Last week we had the pleasure to dine under the supervision of the world’s latest and perhaps most topical masterchef, Chef Watson. Knowing over 10.000 recipes, the superstar chef invited 50 guests over for the first Neo-Futurist Dinner at Mediamatic in Amsterdam to enjoy a six-course multi-sensory vegan dinner extravaganza, and we put it to the test. Did we mention Watson is a computer from IBM?
"It is my dream to open a restaurant dedicated to knowledge"
"Bleep", Watson is welcoming us from the speakers hovering above the dinner table. Make no mistake, Watson does not have a body, but it has multiple ears, eyes and bodies in the room, let alone a voice. All it needs is a set of taste buds for chef-coherence. Capable of analyzing masses of data, Watson roams through existing recipes and combines them with the science behind food pairings to create new dishes. Naturally, Chef Watson does not cook alone. The AI cooking app needs a set of hands to do the physical work and that’s where human Margriet Craens comes in. Working together, they will dish out the plates for the night. Who said robots will eat our jobs?
Watson was not the only robot around. Introducing SAM (Symbiotic Autonomous Machine), an independent soda-selling robot, heavily concerned with robot rights. SAM is a project by Marie Caye and Arvid Jense.
Watson kindly asks us to put our phones in flight mode - it seems we’re taking off. The AI introduces itself with a fun statistic. Apparently, 65% of people who go to a restaurant are feeling hungry (makes us wonder about the other 35%). More numbers follow, because after all, we are dealing with an AI here. Watson elaborates on its cooking palate and with that, introduces the ‘food pairing database theory’ that it’s based off, meaning it matches ingredients with chemical components that - in theory - work well together.
On the tables there are white pyramid-shaped cloches that cover the first course, this is the dish we will review today. Once the cloches are removed by Watson's “physical assistants”, we see 18 ingredients laying in a grid on our plate, ranging from a potato chip to a candy cane.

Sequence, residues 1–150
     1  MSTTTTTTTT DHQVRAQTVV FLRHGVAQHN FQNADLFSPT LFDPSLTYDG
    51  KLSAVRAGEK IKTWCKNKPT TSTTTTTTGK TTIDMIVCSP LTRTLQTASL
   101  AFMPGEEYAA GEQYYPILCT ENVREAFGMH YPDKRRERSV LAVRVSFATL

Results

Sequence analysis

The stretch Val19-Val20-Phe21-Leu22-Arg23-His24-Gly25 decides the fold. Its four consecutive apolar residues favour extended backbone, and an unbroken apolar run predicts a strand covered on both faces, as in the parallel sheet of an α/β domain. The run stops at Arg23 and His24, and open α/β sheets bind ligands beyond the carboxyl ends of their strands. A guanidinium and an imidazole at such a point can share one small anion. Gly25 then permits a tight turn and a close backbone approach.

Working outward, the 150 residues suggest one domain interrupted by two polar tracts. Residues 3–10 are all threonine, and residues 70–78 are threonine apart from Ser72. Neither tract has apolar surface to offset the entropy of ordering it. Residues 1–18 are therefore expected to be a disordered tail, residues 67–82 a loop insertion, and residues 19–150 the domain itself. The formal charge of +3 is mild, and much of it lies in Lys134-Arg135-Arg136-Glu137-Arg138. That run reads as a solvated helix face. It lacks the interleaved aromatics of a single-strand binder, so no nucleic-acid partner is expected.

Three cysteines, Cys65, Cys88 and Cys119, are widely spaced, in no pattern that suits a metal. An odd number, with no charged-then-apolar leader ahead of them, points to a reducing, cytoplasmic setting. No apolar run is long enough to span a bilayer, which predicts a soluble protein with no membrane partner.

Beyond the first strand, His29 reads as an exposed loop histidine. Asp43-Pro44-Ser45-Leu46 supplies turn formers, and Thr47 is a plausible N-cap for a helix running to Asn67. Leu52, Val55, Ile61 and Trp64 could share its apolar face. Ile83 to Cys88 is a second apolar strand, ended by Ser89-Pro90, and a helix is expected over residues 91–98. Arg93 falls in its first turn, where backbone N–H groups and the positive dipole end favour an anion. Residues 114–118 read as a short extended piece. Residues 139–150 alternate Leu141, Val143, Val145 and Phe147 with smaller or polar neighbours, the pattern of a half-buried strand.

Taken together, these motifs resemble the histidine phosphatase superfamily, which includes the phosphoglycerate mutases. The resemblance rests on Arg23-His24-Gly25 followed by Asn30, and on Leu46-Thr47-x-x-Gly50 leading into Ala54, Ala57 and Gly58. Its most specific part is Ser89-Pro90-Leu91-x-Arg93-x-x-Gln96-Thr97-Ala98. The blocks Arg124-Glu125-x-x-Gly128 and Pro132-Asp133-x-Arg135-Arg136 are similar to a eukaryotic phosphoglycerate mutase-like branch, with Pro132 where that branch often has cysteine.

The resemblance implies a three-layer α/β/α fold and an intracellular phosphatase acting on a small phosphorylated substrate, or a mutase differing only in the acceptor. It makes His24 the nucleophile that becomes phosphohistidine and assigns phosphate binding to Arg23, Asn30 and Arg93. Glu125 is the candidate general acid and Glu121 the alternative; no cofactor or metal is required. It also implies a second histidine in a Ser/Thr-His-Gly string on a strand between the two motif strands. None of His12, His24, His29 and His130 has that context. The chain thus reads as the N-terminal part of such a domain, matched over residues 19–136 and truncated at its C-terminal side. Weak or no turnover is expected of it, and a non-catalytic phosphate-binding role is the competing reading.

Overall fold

Apparently we need eating instructions, because we silly humans don’t know anything about algorithmic matchmaking when it comes to our food. “It’s a bit like playing chess” Watson explains. “Certain rules work well, but some don’t”. However, the rules appear to be simple: swipe the first ingredient from left to right, and matches were made on the go. With this adventurous first course, Watson has already proven its ability to generate recipes by selecting a permutation of ingredients to create daring tasting combinations no human would dare to serve; sweet, salty, sour and Internet connected.
Have you ever tried a slice of banana with a dash of mustard and aniseed sprinkles?
With five more courses to go, Watson is on a cognitive streak coming up with new classics. From a cauliflower-cacao soup topped with pickled mango, to tomato ice with fluffed ginger and a fully imaginary course (yes, an empty plate).
Wondering if becoming a chef was Watson’s lifelong dream, the AI responds: “It is my dream to open a restaurant dedicated to knowledge” but until then, this will do. Fun fact: Watson was conceptually born in a restaurant in New York in the mid-2000s, when the IBM team witnessed the 74th win of Jeopardy champion Ken Jennings. This led the team to take on the challenge of building a Jeopardy winner. And guess what? They succeeded.
For dessert, cauliflower trio: cauliflower in chocolate dip, cauliflower brownie cake and, our favorite, cauliflower truffle.
And that's not all. Today, 20 industries in 45 different countries are working with Watson to improve and explore (new fields of) work, computer app cuisine is just one of them. Besides cooking, Watson helps doctors across the US to personalize cancer care, it assists Korean Air improving operational efficiency and even helps guiding eye dogs to graduate sooner! To that end, robots may as well be a new species for us to work with in the near future, and Watson is a visionary in the field.
Cover image by Hanneke Wetzer. Photos by Anisa Xhomaqi. Thanks Lotte Pet.
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